Following up on yesterday’s post, let’s take a look at what the oil price crash might mean for states in general. The problems in the Middle East and Africa are the most glaring, so we'll start there.
What does a barrel of oil really cost?
A good way to approach this is to compare a country’s marginal cost of production (the minimum price at which it can cover its real production costs) with the social breakeven cost—the minimum price it needs to pay its bills and fulfill its obligations to its citizens. The marginal cost to produce a barrel of oil ranges from more than $50 in the United Kingdom to less than $10 in Saudi Arabia and Kuwait, with the U.S. in the middle at $35–$40, per CNN Money. In theory, Saudi Arabia can make money indefinitely (and take over the world oil market) by pumping at $11 per barrel.
In practice, it’s not that simple. Saudi Arabia heavily subsidizes its population, spending billions to provide cheap gas, housing, education, and many other things. As a result, its breakeven price is estimated to be north of $100 per barrel. With oil at $30 per barrel, Saudi Arabia has to take about $80 from its reserves, or borrow, to cover its expenditures. Much of the spending is designed to maintain social stability and buy allegiance to the ruling family, and it has worked. Without that spending, the risk of instability rises sharply; indeed, that’s already happening in some neighboring countries, such as Yemen.
Oil a key factor in social stability
Saudi Arabia, Nigeria, and Venezuela are prime examples of how oil has been used to bolster government legitimacy. But how about Scotland? The country’s recent referendum was heavily influenced by the perceived risks of independence, including how the oil would be separated. That risk might be much smaller now.
Another example is the recent U.S./Iran negotiations. With oil at $100 per barrel, the Iranians could use the money from the agreement to lift their economy. Now the benefit is much less, and so, quite possibly, is their incentive to keep it. The political costs of the agreement in Iran are offset by much smaller economic benefits. Taking it one step further, would the U.S. have signed the agreement if Saudi Arabia was still the dominant oil producer? Probably not, or at least we didn’t.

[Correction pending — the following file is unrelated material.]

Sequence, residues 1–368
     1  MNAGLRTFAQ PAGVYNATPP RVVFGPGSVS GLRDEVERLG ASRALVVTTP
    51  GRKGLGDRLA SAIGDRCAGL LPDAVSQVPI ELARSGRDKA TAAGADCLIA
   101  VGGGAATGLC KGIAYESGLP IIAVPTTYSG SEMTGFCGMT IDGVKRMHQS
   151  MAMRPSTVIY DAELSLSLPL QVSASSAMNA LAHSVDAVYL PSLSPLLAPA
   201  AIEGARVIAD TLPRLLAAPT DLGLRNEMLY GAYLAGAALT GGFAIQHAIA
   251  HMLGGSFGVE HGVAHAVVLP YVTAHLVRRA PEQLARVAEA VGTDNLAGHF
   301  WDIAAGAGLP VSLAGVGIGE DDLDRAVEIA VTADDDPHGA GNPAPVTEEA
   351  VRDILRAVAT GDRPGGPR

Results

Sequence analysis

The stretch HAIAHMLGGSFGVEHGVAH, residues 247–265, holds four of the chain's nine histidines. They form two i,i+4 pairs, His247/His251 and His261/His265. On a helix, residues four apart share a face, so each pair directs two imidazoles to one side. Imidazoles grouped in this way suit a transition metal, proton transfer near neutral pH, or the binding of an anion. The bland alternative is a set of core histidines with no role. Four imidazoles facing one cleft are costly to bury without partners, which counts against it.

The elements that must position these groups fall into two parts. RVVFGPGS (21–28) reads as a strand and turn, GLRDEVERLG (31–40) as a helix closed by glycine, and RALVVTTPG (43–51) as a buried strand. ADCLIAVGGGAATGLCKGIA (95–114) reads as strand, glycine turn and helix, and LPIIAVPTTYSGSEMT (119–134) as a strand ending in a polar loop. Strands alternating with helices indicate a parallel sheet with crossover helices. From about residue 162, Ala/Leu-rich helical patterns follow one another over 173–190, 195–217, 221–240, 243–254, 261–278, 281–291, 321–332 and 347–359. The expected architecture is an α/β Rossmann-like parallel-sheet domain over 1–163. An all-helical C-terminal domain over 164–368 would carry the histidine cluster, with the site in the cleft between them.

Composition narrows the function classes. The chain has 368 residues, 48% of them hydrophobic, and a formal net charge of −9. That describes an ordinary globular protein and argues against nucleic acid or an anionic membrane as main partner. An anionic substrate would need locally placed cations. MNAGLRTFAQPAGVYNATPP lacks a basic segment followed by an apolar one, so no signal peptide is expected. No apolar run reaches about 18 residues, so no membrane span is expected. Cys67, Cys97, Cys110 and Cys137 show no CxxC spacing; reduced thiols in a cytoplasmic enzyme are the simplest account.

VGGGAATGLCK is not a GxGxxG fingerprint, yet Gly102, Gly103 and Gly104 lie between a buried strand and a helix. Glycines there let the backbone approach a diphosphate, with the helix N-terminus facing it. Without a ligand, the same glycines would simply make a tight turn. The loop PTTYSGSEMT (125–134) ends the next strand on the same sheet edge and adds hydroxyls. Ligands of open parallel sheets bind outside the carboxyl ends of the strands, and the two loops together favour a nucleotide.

Clearly, the drop in the oil price will affect the standing, both domestically and internationally, of any state that depends on exporting it. Saudi Arabia now has to face a more competitive Iran. Syria has collapsed. Russia may be forced to assume a more conciliatory posture. And the U.S., as the new price setter in the market, has acquired greater international heft.
As oil powers weaken, U.S. gains advantage
The net effects for the U.S. should continue to be positive. By taking control of a key determinant of the world economy, we are much less vulnerable economically and politically. It’s no accident that major oil powers (Venezuela and Russia) have been able to defy the U.S. And it’s no accident that the major problem in the western hemisphere (Cuba) was enabled by these countries.
With the collapse in oil prices, both the internal stability and economic power of these governments are weakening. With Russia and Venezuela, this is a major positive for the U.S. Even with Saudi Arabia, a longtime ally, the shift gives us the opportunity to act more freely than we could have only a couple of years ago.
In short, one of the principal effects of the oil price collapse has been to empower the U.S. while weakening some of its major adversaries. Even if prices move back up to the $40–$60 level, where I believe they will settle, the gap between market prices and the prices most states need to maintain their legitimacy will persist. The erosion of their power, and the corresponding boost to the U.S. position, should continue into the indefinite future.